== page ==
|The cast of Room Service (Erik Stuhaug)|
Through March 4, 2017
If you know who the Marx Brothers were, you might also know the movie they made called Room Service. It was based on a 1937 Broadway play and then they put their own improvisational, wacky spin on it.
Room Service is a farce. Taproot director Karen Lund is one of the best directors in town for farces in particular. She has a very clear sense of comic timing. Farce is not easy to get right. The main joy in farces is the quick movements of people coming in and going out of doors! That’s right, missing each other by parts of seconds! That is the height of silliness in farces.
This production boasts three expert practitioners of farce here in Seattle: Bill Johns, Daniel Stoltenberg and Christopher Morson. In a talented cast, they lead the way in understanding and executing farcical behavior. Part of that is knowing how to be serious while not taking yourself seriously. They all get the best laughs in this show.
Our story finds theater impresario Gordon Miller (Erwin Galan) running up a huge debt in a hotel while he tries desperately to find a backer for his latest play. He has housed all 23 actors in the hotel, since he has no money to pay them and at least this way they can sleep decently and eat at his expense.
Miller’s brother-in-law, Joe Gribble (Mike Spee), is the hotel manager in trouble with his superior (Nikki Visel) who has aspirations for promotion if she shuts down the bleeding of the red ink on the hotel books. But Miller is on the verge of gaining a major backer if only Joe can keep her away for another day or two. Of course, Joe can’t do that, so the banging of doors and missing-by-inches begins.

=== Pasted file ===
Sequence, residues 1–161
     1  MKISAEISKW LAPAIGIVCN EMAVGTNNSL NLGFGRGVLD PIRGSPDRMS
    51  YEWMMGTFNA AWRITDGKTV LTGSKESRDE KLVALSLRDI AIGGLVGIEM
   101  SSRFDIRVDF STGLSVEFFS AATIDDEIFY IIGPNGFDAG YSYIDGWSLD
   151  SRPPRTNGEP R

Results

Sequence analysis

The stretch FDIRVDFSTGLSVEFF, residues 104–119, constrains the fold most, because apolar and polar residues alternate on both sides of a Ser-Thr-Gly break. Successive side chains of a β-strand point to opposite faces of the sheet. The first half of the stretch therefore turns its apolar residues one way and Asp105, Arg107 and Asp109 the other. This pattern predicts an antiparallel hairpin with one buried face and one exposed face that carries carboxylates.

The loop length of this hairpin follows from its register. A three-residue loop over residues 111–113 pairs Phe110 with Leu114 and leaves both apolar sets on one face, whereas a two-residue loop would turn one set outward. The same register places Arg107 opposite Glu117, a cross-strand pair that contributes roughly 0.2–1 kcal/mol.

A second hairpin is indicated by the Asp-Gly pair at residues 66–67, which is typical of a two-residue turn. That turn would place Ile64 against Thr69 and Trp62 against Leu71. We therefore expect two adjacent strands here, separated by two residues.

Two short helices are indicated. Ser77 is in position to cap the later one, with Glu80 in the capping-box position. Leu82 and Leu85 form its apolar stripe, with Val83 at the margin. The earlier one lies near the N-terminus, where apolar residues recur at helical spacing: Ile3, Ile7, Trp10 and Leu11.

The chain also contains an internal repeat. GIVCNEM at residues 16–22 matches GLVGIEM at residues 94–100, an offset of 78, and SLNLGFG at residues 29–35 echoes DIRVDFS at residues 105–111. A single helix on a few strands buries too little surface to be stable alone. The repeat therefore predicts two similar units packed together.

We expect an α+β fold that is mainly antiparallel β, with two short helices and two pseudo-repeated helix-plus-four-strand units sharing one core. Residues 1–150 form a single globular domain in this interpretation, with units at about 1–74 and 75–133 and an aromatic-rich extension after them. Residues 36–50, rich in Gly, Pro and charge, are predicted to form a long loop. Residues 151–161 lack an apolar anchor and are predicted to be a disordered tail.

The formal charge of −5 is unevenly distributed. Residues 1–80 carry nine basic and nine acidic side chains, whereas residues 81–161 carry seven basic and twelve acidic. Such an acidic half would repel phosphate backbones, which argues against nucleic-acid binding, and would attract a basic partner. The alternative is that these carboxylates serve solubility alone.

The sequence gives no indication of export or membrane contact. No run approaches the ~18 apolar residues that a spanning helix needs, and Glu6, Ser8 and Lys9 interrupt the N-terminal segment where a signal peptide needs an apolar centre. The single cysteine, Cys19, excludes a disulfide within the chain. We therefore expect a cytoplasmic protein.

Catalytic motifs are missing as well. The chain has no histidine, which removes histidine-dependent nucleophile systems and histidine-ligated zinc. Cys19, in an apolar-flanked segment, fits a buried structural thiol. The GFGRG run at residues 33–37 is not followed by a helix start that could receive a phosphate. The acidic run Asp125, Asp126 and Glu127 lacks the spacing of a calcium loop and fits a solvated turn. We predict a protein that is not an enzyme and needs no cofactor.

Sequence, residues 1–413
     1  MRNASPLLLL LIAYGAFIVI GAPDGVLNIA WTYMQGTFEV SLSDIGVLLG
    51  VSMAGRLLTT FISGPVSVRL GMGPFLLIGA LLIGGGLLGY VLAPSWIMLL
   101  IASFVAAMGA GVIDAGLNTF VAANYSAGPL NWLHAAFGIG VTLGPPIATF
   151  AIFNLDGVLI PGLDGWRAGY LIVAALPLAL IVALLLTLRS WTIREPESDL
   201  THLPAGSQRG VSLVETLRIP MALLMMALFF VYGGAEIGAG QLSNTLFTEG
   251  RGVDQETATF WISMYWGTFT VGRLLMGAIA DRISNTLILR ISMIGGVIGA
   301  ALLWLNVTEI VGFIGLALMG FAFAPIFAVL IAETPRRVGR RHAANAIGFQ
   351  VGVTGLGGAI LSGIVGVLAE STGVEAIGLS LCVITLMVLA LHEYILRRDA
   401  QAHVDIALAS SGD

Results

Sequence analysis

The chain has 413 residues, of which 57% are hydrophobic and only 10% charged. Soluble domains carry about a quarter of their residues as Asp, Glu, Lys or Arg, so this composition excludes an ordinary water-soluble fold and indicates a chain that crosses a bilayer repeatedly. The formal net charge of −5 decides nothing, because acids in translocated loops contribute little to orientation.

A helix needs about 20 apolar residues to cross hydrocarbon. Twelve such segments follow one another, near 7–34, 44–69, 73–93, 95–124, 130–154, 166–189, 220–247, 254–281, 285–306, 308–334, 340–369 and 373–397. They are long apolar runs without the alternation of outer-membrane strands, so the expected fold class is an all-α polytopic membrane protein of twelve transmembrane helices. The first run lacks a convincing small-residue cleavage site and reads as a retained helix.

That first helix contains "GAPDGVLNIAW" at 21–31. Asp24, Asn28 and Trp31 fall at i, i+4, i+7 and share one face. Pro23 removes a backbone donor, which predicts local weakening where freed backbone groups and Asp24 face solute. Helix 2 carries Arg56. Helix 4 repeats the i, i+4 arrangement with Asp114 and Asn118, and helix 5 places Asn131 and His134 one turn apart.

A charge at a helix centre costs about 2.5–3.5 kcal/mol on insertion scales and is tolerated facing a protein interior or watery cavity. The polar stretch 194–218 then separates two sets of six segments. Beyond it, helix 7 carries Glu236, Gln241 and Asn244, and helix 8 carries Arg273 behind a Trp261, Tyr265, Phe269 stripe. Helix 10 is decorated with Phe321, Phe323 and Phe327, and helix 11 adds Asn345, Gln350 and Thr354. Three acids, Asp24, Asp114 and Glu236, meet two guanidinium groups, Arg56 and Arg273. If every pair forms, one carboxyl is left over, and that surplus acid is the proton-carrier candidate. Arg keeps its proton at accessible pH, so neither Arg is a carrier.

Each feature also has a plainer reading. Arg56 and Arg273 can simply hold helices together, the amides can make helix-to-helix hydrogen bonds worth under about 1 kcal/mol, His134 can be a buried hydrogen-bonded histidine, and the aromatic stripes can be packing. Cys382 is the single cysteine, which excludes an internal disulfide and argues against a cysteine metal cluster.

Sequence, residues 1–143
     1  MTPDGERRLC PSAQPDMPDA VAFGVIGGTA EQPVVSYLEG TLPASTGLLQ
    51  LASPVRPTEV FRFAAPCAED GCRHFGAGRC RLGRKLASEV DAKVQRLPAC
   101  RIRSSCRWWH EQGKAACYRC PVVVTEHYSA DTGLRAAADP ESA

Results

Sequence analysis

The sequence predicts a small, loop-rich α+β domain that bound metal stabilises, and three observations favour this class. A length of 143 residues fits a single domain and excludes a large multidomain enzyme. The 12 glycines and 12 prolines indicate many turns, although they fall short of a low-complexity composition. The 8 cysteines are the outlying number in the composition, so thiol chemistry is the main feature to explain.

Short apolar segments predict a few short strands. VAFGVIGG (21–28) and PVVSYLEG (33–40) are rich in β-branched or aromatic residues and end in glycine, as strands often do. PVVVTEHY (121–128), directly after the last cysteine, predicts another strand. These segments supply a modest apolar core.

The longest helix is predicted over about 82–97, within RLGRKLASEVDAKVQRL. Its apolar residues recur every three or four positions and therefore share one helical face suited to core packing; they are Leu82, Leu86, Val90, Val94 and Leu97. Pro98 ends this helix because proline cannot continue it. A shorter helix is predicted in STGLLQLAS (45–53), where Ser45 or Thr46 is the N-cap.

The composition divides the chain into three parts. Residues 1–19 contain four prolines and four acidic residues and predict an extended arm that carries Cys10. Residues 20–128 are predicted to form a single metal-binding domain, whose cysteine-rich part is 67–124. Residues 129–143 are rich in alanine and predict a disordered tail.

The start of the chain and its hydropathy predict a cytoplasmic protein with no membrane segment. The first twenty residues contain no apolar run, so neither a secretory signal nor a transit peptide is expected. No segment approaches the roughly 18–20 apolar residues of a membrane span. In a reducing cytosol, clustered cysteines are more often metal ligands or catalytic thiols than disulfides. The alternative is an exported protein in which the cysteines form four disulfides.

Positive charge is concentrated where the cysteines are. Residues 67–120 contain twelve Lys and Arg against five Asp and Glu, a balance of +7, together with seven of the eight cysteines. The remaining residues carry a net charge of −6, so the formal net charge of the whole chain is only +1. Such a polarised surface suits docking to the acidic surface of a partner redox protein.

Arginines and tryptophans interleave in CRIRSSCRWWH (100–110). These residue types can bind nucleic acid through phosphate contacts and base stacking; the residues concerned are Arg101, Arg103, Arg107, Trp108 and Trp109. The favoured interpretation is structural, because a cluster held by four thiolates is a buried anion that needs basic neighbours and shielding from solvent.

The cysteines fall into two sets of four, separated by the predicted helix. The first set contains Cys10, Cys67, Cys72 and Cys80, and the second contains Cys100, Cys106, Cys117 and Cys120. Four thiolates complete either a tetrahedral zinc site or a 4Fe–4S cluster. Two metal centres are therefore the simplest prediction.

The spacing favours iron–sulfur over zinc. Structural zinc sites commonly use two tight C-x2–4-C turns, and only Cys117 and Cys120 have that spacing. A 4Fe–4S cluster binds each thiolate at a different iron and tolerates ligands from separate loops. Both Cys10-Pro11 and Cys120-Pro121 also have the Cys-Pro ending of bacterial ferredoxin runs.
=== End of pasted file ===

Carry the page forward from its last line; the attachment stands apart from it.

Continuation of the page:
It may be because the production is in early days, but the wacky rhythm isn’t quite as urgent as it needs to be. Hopefully the cast will settle in and speed up a bit so that the more breathless nature of farce will kick further in.
The entire play takes place in one bedroom suite in the hotel, belonging to Miller. There are some readily funny moments with small characters, including Stoltenberg’s role as the theater director who has been evicted from his own apartment and shows up in the hotel with a very large moosehead.
Morson plays the new playwright of the play Miller is producing and does a great job as a naïve young man new to the wiles of New York. In order to stay in the hotel, he is convinced he must play “sick” and we have great fun watching him keep an ice bag on his head.
The technical aspects of the play are well done with a four door set by Mark Lund and wonderful costumes by Nanette Acosta. Some of the actors have to change characters, so the costuming needs to be quick-change worthy.
It’s definitely a fun farce. It isn’t as wacky as you might remember the Marx Brothers to be, but it’s still a retreat from the outside world and a chance to relax and laugh. It’s also totally family friendly and likely understandable even by kids as young as about six. Go and have fun!